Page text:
Today animation veteran Mike Gasaway (Jimmy Neutron, Planet Sheen) shares a guest post on “noodling” and how it might be secretly destroying your workflow and final animation. Plus, precisely how to stop it in your future scenes.
What exactly is noodling anyway?
Is it something in my soup? I think I’ve seen it at Italian restaurants, maybe?
Oh wait, it’s drawing little drawings?
I’m talking about noodling.
It’s when you have your animation and you aren’t quite happy with it so you make a little change here and there and then do a playback.
Then you hate it again and make more changes and do a playback.
When does it stop?
The better question is HOW to make it stop?
The problem with noodling starts way before we hit that dreaded spline button that will turn our awesome stepped animation into floaty, crappy, computer-y animation.
It starts way back in planning when we skimp on drawings or don’t do any video reference or are too impatient to get into blocking. Maybe we don’t add enough tweens before hitting said spline button.
It’s all of the above.
But what if you have done all of that?
What if STILL you find yourself looking at your splined goodness and wonder if it’s too late to be an accountant?
I have a solution for you.
It’s not easy and it will take a ton of patience.
I’m guessing, because you are at this point of your animation, your patience was either non-existent or wearing thin.
Either way, this process can help.
You just have to be focused.
First question. How many times does an audience look at your shot?
I’ll make it easy on you – once. Just once. If you are lucky, they may watch it twice or even seventy times. BUT they will never see it by itself and never, unless their dvr screws up, will they see it on a loop.
So, the first time you watch your animation, you should turn the loop off and watch it just once.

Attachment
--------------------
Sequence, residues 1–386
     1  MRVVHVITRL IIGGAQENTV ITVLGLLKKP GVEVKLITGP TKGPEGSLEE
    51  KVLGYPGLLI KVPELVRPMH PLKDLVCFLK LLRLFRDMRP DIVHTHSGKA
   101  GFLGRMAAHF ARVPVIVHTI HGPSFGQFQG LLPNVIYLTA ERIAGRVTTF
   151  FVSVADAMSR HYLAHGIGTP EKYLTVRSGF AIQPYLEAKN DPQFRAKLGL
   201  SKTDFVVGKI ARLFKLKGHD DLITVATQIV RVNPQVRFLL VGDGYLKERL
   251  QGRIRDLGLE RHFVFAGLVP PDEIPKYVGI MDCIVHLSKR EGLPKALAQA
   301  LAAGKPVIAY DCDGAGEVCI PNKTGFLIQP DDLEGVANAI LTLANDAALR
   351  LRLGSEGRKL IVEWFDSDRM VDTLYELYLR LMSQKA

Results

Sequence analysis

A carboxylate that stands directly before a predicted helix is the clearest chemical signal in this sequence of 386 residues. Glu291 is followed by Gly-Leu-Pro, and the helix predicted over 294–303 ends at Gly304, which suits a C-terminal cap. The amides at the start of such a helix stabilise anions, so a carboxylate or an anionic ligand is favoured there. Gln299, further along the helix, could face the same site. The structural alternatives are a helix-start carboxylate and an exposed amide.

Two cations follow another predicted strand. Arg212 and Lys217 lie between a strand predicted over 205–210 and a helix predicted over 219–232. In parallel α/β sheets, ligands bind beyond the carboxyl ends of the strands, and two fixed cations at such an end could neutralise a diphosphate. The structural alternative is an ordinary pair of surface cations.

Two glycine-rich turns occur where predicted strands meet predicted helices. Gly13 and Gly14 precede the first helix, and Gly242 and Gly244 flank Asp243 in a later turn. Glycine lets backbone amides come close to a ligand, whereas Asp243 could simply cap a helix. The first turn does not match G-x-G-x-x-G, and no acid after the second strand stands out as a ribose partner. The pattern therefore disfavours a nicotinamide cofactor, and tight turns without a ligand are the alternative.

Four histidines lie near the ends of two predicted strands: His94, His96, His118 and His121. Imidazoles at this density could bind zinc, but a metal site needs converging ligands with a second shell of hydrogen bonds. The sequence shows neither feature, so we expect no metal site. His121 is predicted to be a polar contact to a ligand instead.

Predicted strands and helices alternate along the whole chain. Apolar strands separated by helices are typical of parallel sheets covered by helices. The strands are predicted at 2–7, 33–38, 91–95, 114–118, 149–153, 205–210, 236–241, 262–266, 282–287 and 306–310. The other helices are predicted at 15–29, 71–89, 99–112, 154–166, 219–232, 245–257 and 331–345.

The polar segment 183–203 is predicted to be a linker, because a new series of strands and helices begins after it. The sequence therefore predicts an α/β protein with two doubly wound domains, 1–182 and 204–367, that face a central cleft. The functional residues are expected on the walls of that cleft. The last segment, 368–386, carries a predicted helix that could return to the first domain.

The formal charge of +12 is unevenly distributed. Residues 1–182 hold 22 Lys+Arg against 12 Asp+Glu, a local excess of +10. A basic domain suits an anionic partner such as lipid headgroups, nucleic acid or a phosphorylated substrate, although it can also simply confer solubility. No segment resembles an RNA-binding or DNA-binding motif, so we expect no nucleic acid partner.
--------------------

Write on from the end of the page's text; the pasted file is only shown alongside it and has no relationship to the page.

What are you looking for?
Exactly what an audience sees. Is there anything that bumps you? I’m not talking from an animator’s perspective. Take that hat off and put on the hat of an audience. Are there any mistakes? Like an arm pop, a leg twists weird. A head snaps. Anything that would make an audience member say, “What the heck is that?” (they swear a lot.)
IF you find anything, write it down on your to-do list. I love lists because I get to check things off. Makes me feel like I’ve accomplished something.
After that, put the animation on loop mode and scoot in closer because we are going to look at very specific things. Don’t get caught up in looking at everything at once. Just one thing at a time.
First up: arcs.
Arcs are easy to see. Do the arms look linear? Write it down with the frame number. What about the head? Does it look too stiff?
I’m not talking about Spacing is the distance an element travels between two frames of an animation. By increasing and decreasing the spacings... More or anything else! Just arcs.
Watch your animation a few more times, writing down anything you see that is arc-related.
After that do it with Spacing is the distance an element travels between two frames of an animation. By increasing and decreasing the spacings... More. Watch it ten more times, writing down what is wrong.